In successfully executing on your business goals, speed matters.
- The quicker that you complete a task, the sooner you can get on to the next task.
- The quicker that you respond back to a customer, the more likely you are to win their trust and their business.
So, how can you speed up what gets done?
1. Get to the Point:Get started on things immediately. Don’t waste time even considering procrastinating. Once something is started, move on it. In conversations and work, get to the point cutting down on chit chat and get right to business. To facilitate getting to the point, ensure that you understand the nature of the problem or issue. I have often seen people procrastinate because a task appears to be difficult. Only when they had completed the task did they realize how quick and easy it was. So, skim through the report, the presentation, or the work assignment and then determine how long it will take to get done. Then, either get it done immediately or set up a block of time to get it done in one fell swoop. Finally, getting to the point creates a sense of urgency in all that you do. With this urgency come momentum and the expectation that you will work more quickly and more ruthlessly to get things done. As Machiavelli once said:
The wise man does at once what the fool does finally.
2. Keep Short Deadlines: Not everything is perfect in business. Nor does it need to be. It is often true that to complete a task or respond back to someone at a 90% correct level may take only a few minutes, whereas to respond back at a 98% – 100% correct level may take 5 days. Err on the side of the few minute answer. To get things done within the few minutes, create short deadlines; this forces your team to prioritize and focus on only the most important issues. Further, to assist in keeping short deadlines, reduce the task. For example, if you have a meeting, require that the meeting notes be completed by the end of the day and require that they be at most one page. This is a double win: the task is completed punctually and the notes focus only on the essential. Likewise, keep short deadlines on meetings and stick to those deadlines. Wal-Mart CEO Mike Duke is known for walking out of meetings at the end time even in the middle of a discussion. By sticking to and respecting these short meeting times, it ensures that the next meeting will be more productive especially at the outset when many meetings often get bogged down and off track. It is good to remember the words of General George Patton:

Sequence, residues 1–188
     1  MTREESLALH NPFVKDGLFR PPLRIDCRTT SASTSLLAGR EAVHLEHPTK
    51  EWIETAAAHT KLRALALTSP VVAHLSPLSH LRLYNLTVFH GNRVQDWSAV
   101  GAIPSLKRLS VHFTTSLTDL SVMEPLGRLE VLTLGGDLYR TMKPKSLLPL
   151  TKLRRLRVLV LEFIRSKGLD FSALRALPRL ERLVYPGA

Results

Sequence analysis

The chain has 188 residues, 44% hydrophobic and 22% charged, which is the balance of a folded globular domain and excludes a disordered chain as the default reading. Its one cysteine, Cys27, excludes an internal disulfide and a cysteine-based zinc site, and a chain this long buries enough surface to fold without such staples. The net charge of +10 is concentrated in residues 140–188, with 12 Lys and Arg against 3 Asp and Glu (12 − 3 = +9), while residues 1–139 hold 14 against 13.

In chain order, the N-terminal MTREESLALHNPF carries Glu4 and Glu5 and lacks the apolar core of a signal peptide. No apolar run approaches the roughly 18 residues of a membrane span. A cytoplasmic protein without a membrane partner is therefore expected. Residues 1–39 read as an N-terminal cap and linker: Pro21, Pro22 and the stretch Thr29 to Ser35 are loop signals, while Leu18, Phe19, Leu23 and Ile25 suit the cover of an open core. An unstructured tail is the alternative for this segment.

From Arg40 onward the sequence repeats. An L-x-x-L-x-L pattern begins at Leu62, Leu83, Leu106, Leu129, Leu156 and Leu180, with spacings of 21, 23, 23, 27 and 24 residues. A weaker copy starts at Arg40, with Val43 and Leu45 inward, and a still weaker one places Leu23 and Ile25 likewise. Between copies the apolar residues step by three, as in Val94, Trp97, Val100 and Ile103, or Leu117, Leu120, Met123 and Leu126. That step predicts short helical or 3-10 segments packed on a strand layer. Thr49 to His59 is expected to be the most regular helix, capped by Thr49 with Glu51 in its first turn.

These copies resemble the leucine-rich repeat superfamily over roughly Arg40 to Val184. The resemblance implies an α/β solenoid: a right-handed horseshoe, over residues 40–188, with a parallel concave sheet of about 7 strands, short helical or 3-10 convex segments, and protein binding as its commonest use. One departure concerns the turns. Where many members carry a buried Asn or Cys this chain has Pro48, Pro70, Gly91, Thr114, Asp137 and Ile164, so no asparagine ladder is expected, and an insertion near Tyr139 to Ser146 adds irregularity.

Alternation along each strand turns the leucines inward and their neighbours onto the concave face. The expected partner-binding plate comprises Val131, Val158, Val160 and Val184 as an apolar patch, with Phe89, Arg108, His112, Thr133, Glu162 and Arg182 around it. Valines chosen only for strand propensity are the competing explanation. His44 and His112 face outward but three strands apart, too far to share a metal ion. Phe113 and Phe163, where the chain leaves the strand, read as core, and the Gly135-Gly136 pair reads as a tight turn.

Perfection is the enemy of the good. By this, I mean that a good plan executed with great vigor now is better than a perfect plan next week. Success is a very simple thing; and the determining characteristics are confidence, speed and audacity – none of which can ever be perfect, but they can be good.
3. Think Critical Path: Thinking of the critical path helps to speed all activities along. Critical path is a project management technique that looks at the time element for each required step to complete a goal. It then strives to shorten the time to accomplish a goal by performing the steps rapidly and in parallel, wherever possible. To execute rapidly requires that the employees and you as a leader realize what is on the critical path and focus to get those items done as quickly as possible even if some things need to be done out of turn or less efficiently. Two quick points:
A. In mastering critical path, it is necessary for management to avoid being the roadblocks as any delayed response or approval inevitably delays the whole project or task.
B. We each need to realize that our own individual effectiveness and priorities are subordinate to the overall business effectiveness and priorities. We may have to do a task more inefficiently or earlier in the process than we want in order to ensure that the overall goal is achieved as quickly as possible.
This blog is an excerpt from David Shedd’s recently published book, Build a Better B2B Business: Winning Leadership for Your Business-to-Business Company, now available on Amazon.com.